Step 2. The salivary glands release saliva into the cavity.  The saliva lubricates the food as we chew the sandwich, this is a mechanical process.  We release the enzyme amylase that helps to break down the food which is a chemical process.  Both the mechanical and chemical process helps to break down the food.

Step 3. Once the food is broken down it travels through a long tube called the esophagus for about 6 minutes.  This is the place responsible for your heartburn, even though it has nothing to do with your heart.

Step 4.  Once the food approaches the stomach, there’s a little doorway it needs to pass through, and that doorway is called the lower esophageal sphincter (LES).  That LES is very important in the treatment of heartburn and acid reflux.  Once the food passes through the LES, it enters the stomach. 

The stomach releases highly acidic gastric secretions to destroy any bacteria or parasites that may have entered the body with the food.  The stomach enzyme pepsin and acidic gastric both are responsible for breaking down foods into even smaller parts.   A healthy stomach should work like a high-speed blender. 

For this reason the stomach should be incredibly acidic.  In our modern times most of the people don’t have enough stomach acid we’ll experience heartburn, acid reflux, belching and gas, fatigue, headaches, bad breath, indigestion, stomach pain and distress, unexplained hunger, weakened hair, nails and skins, including anemia.  We take over-the-counter antacids drugs to calm down the symptoms, but all we are doing is depleting our stomach acid that’s already deficient.  Remember if we don’t have enough acid in our stomachs we can’t breakdown our foods properly.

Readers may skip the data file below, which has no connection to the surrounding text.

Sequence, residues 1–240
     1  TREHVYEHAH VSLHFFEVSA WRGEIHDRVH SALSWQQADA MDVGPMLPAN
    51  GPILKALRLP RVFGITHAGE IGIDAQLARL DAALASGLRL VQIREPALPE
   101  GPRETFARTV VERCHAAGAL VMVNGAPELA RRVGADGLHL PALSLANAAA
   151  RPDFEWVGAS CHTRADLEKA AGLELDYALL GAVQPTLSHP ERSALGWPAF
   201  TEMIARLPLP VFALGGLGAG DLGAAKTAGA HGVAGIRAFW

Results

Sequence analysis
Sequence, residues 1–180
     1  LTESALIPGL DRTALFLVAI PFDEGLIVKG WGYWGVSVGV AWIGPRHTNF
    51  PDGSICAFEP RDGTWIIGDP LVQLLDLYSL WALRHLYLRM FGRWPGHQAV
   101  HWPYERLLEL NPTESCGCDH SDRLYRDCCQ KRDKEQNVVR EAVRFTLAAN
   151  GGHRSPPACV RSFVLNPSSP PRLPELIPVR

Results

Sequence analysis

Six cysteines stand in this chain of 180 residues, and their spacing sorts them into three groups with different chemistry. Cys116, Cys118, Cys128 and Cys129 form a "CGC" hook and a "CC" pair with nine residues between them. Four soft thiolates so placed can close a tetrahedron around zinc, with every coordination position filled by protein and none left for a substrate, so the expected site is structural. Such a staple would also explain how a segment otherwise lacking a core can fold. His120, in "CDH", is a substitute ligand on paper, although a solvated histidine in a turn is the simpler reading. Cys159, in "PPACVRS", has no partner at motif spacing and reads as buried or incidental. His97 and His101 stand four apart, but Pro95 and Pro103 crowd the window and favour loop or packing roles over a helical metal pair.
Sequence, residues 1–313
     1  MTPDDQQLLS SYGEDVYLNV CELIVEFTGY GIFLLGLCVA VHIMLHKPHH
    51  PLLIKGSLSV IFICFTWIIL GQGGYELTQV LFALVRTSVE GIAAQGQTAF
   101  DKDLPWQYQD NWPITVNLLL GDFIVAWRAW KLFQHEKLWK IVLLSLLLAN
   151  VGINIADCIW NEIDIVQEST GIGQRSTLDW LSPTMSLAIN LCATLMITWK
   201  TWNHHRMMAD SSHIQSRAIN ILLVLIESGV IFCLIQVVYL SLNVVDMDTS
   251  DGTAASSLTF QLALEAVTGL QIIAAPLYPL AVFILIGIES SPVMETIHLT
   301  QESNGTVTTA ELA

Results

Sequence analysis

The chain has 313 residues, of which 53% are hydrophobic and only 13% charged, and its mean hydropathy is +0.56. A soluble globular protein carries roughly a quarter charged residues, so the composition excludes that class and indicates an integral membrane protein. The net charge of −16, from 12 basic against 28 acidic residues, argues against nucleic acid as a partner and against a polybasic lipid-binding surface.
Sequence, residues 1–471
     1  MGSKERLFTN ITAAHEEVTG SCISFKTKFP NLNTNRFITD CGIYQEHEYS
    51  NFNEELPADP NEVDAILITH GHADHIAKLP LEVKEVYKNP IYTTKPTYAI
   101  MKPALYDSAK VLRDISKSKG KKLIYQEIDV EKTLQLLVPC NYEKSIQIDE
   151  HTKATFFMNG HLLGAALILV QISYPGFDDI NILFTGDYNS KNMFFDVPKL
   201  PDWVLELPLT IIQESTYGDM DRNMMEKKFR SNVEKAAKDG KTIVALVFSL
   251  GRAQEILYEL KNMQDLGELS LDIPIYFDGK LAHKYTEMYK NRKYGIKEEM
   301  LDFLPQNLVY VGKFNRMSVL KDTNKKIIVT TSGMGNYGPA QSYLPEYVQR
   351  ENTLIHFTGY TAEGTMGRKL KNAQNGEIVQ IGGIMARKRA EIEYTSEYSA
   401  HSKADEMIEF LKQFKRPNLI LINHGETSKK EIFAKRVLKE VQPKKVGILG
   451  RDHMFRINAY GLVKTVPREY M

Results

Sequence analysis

The stomach is the major powerhouse of digestion, because it’s responsible for the most effective breakdown of food particles and the destruction of pathogens in our entire body.

Step 5. Food mixed with the gastro juices exit the stomach through the pyloric sphincter and enter the small intestine. The place where your GUT is located.   Here pancreatic enzymes and bile from the gallbladder, help to digest fats.

The small intestine or your gut is the place where digestion and absorption of your sandwich happens.  This is the place where micronutrients bypass the small intestine walls making their way into your bloodstream, to every cell in your body, to the mitochondria – the power houses of energy.

Your gut is pretty much the most important organ for nutritional healing.  Can you see now the importance of the breaking down of the food we eat?  From starting with chewing to producing enzymes to the acidity in the stomach and we oversee all of this.  

And the truth is that this is where so much of the game happens.

Step 6. The stuff we don’t need moves out of the small intestine to the large intestine or the colon.   If an impaired colon does not allow the food to exit the body in a timely manner (constipation), then the food becomes toxic and this can lead to a whole array of health problems.

Step 7. The destination for what is left of your sandwich is the rectum, anus and toilet bowl.

How does digestions affect RA?  Directly when these undigested nutrients leak into the bloodstream causing inflammation which makes the immune system react and causes osteoporosis, rheumatoid arthritis, Hashimoto’s, lupus, MS and so many more.